Reading is more important than ever for boys, especially in the formative “tween” years. The U.S. Department of Education’s reading tests for the last 30 years show boys scoring lower than girls in every age group. Reading skills are also directly correlated with academic performance: students who read are more enthusiastic about learning. They spend less time in the detention room and more time getting college degrees.
For parents with “tween” boys, summer is the prefect time to encourage reading. The challenge is to find books that appeal to their interests. Here are six books that most boys will love.
1: Ender’s Game by Orson Scott Card
Boy-genius, Ender Wiggin, is the last hope to save humanity. As he trains in battle school with a mix of war games and computer simulations, he explores his own psychology, humanity, and his often-violent relationships with the other boys in the battle school. Ender’s Game is a classic coming-of-age tale, mixed with sci-fi themes. It’s gripping and the ending will leave you speechless.
2: Redwall by Brian Jacques
Redwall is an action packed story starring anthropomorphized woodland creatures. The story’s unlikely hero is a mouse named Matthias. When a marauding rat (Cluny the Scourge) and his hoard of stoats and weasels attack Redwall, Matthias must find the legendary sword of Martin the Warrior in order to defeat the invading army. Redwall is part of a larger series that creates an elaborate fantasy world with a long history. Readers can read them chronologically or as stand-alone stories.
3: Carter Beats the Devil by Glen David Gold
Charles Carter is a world-known magician in the 1920s. He gets caught up in a conspiracy involving the death of U.S. President Warren G. Harding. This story presents a carousel of historical figures, secret service agents and plot twists. In the end, Carter must use his cunning and powers of magical illusion to save the day.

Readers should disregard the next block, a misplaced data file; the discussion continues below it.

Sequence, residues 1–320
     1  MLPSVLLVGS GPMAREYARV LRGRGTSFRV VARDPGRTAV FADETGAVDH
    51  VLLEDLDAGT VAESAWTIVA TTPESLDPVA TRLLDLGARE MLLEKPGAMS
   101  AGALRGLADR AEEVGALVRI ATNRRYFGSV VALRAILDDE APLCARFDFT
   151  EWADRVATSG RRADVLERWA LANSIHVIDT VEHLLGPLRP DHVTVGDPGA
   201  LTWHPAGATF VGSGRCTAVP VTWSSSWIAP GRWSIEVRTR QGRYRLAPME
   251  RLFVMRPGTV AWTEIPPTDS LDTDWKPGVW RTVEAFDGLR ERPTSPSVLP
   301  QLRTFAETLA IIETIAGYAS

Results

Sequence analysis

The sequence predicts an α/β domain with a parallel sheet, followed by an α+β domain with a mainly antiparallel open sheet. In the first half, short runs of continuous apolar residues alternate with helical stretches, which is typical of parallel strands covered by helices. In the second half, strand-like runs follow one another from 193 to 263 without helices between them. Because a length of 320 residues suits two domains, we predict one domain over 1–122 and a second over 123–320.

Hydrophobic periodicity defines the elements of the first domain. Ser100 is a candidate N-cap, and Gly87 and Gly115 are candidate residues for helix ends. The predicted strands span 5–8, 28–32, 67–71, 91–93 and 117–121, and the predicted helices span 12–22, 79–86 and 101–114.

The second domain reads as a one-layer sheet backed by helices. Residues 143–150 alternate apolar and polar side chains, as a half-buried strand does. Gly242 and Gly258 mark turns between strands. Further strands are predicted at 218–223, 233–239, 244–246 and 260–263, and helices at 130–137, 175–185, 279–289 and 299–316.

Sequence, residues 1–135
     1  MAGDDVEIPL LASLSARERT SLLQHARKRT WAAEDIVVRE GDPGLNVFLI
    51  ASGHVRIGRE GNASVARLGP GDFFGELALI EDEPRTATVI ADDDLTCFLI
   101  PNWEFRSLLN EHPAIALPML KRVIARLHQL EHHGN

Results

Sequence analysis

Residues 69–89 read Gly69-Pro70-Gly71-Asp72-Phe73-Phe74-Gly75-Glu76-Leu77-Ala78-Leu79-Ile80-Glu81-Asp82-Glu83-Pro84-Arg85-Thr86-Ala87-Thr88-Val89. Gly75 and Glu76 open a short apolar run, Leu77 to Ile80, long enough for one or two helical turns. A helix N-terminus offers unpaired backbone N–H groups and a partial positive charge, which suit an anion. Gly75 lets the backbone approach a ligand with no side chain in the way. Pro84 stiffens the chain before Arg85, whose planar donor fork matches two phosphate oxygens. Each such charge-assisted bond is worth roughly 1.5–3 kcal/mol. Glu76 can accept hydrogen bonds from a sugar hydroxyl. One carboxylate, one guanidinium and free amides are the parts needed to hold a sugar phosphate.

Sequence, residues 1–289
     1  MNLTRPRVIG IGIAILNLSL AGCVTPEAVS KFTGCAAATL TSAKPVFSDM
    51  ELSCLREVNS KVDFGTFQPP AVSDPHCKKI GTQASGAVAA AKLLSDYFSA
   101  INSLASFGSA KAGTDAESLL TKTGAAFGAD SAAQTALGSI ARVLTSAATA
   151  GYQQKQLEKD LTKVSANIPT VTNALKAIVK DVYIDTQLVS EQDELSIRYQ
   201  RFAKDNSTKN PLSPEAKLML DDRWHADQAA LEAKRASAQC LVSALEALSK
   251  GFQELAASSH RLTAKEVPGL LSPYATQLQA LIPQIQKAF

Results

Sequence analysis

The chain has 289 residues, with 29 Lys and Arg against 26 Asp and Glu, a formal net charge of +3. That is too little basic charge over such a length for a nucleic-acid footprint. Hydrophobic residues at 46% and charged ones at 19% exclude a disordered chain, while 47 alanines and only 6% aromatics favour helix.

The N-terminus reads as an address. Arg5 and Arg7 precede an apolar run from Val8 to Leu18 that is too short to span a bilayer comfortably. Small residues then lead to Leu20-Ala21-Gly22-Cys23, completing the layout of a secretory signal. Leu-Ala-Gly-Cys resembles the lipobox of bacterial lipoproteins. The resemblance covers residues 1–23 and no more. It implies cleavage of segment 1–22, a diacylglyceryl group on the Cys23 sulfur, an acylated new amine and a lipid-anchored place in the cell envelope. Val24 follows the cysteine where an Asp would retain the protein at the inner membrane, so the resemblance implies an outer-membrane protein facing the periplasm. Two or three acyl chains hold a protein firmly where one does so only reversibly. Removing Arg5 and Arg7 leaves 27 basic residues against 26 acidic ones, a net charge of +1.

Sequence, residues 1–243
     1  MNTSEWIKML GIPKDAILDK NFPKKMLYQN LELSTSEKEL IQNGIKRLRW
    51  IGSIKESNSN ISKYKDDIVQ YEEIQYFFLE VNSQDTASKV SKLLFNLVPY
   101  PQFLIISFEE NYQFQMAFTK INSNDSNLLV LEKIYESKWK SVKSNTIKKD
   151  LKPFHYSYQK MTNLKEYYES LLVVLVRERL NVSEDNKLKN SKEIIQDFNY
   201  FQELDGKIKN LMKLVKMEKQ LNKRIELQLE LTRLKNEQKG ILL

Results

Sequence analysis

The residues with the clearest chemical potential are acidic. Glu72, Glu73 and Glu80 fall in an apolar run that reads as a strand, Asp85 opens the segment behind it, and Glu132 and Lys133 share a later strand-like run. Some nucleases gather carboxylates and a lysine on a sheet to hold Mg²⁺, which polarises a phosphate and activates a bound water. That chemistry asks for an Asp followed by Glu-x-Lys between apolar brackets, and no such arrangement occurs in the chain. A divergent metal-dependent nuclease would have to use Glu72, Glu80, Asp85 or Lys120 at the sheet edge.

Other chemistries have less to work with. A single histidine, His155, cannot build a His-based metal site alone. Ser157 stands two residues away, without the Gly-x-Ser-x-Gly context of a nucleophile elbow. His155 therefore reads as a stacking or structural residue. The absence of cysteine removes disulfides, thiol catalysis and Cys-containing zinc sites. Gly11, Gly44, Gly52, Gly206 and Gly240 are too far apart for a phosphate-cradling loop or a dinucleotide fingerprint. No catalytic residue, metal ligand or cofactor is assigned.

4: My Side of the Mountain by Jean Craighead George
Sam Gribley hates living in New York City, so he decides to run away to the Catskill Mountains. He has adventures with a variety of characters as he learns to survive in the wilderness. Sam must learn to balance his desire to be with his family with his desire to be self-sufficient in the wild.
5: Holes by Louis Sachar
Stanley Yelnats is a poor and unlucky boy who gets sent to a juvenile detention center for a crime he didn’t commit. The evil “Mr. Sir” and Warden Walker run the camp. They force the boys to dig holes in the desert as punishment for their various crimes. The story connects the history of the area and the ancestors of the characters to the present day. Holes has it all: buried treasure, a curse, legendary Wild West bandits, daring escapes, and strong friendships.
6: Danny, The Champion of the World by Roald Dahl
Roald Dahl is one of the best children’s writers of all time. Danny, The Champion of the World is one of his lesser-known books, but deserves to make the list. After Danny finds out that his father poaches pheasants from the vile Mr. Hazell’s estate, he devises a brilliant plan and helps his father steal all the birds. The story has a good mix of humor, adventure, and bonding between a father and son.
There are lots of other great books for tween boys—please share some of your favorites?